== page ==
Firsthand—experiences with aging

As I age and get more forgetful, I wonder whether I make wiser or poorer choices. Native American and Asian cultures consider the elderly wise and treat them with respect. In contrast, in European and American culture old age is viewed as a time when mental faculties fade. An important question remains: what components of wisdom grow or decline in our later lives?

Over the past decade, gerontologists and social scientists have begun to study wisdom as multidimensional. For instance, in a popular TED Talk, Dilip Jeste, M.D., a geriatric neurophysicist, says the essence of wisdom is decisiveness, insight, social-emotional behavior, and tolerance. Researcher Jeanine Parisi and her associates consider the most important aspects of wisdom to be experience, social interaction, and generativity (multi-generational viewpoints). Sociologist Monika Ardelt defines the key components to be cognition, reflection, and affect.

From a review of the literature, I’ve concluded that there are three components or pillars of wisdom. Cognition encompasses reasoning, memory, problem-solving, creativity, decisiveness, crystalized intelligence, and procedural knowledge. Reflection includes perspective-taking, tolerance, openness, insight generation, growth production, generativity, balance of individual with common goods, and meaning-making. The social/emotion pillar consists of pro-social actions, social decision-making, facilitative coordination, empathy, and emotion management.        

Journey in wisdom
Across our lifetimes these elements can change. Most notable are changes in cognition, especially memory loss. So, it should not be surprising that with old age comes a decline in cognition; but many forget that old age also brings a greater repertoire of experiences. While we may lose memory, we gain both reflection and social/emotion skill across our silver-haired years.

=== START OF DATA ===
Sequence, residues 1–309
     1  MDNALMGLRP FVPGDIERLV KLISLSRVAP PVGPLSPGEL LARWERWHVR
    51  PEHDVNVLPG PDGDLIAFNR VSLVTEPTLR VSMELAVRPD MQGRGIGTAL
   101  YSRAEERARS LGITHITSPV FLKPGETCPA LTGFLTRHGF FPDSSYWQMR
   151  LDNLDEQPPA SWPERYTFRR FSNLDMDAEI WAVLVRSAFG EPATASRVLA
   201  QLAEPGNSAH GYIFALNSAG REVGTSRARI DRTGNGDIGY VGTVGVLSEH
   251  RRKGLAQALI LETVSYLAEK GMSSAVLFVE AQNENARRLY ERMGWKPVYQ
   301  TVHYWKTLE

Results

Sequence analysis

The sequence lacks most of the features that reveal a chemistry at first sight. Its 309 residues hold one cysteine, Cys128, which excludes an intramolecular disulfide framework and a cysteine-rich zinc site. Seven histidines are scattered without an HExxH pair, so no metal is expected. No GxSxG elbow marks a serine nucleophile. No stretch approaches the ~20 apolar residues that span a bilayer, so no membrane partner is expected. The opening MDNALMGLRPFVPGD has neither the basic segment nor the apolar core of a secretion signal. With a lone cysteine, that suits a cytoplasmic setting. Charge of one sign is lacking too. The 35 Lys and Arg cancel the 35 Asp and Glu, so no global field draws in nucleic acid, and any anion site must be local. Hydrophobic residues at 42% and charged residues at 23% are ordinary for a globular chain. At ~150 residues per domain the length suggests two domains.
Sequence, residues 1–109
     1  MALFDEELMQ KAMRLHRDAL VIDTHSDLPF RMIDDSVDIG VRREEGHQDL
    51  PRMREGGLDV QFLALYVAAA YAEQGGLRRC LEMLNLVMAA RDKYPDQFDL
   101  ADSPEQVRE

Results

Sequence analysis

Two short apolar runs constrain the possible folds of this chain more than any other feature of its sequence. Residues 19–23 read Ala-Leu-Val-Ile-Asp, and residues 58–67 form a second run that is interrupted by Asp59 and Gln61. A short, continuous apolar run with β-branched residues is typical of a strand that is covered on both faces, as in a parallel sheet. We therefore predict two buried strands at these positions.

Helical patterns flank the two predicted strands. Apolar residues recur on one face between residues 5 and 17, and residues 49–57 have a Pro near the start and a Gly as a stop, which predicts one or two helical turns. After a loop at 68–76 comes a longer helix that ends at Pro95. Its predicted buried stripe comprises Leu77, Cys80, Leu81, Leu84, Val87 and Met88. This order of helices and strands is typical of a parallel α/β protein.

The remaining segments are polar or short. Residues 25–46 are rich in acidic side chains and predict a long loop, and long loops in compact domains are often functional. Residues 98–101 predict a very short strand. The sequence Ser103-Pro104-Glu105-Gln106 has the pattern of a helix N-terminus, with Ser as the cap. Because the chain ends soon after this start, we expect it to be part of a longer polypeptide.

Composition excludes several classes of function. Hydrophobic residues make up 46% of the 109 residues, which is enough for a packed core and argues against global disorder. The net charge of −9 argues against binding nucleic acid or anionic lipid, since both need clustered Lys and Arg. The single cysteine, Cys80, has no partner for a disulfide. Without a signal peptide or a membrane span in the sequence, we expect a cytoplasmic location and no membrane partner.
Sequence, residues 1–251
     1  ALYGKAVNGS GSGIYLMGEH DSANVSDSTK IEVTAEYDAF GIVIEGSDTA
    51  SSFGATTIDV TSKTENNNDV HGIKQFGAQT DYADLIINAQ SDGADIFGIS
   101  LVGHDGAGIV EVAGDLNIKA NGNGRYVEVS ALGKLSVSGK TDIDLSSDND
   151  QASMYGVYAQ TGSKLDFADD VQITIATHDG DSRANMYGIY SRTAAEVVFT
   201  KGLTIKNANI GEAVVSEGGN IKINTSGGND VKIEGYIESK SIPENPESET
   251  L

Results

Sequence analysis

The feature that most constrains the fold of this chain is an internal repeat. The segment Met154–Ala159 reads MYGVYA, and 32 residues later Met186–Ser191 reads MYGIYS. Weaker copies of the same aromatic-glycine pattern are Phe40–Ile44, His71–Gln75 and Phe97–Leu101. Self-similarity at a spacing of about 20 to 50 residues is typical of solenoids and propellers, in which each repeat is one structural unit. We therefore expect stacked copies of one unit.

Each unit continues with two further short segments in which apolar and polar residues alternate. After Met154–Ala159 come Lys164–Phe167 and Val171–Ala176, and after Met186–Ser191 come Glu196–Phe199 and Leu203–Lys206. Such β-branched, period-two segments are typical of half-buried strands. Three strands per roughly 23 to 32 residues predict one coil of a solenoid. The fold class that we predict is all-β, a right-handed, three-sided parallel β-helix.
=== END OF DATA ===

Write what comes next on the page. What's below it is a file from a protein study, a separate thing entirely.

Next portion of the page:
Ardelt and her associates studied more than 14,000 persons in Germany. Looking at their life spans from age 20 to 90, the researchers found little difference in the overall wisdom trendline. However, when separating cognitive from social/emotion and reflection wisdom, they found a flat trendline for cognitive but a rising trendline for social/emotion and reflective wisdom.

Those of us in later life don’t need surveys to know that our wisdom grows with age. We know that our experience grows and from that we can nurture our perspectives and other noncognitive wisdom. Most important, we can share our wisdom to help younger generations. And from such mentoring, our noncognitive wisdom can expand even more. 

If you would like to share a firsthand experience related to health and aging, please contact Ron Anderson at rea@umn.edu.

Publication date: 
April 30, 2019
At A Glance
Tuesday, November 19, 2019

Luncheon + Forum
11:30-1 p.m.
West Wing Dining Room
Featured speaker
Joan Gabel, president
University of Minnesota

Living Well Workshop
1:30–2:30 p.m.
Dale Shephard Room
How to keep our brains healthy

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Pan-seared catfish with lemon aioli over red bean and rice, with seasonable vegetables.

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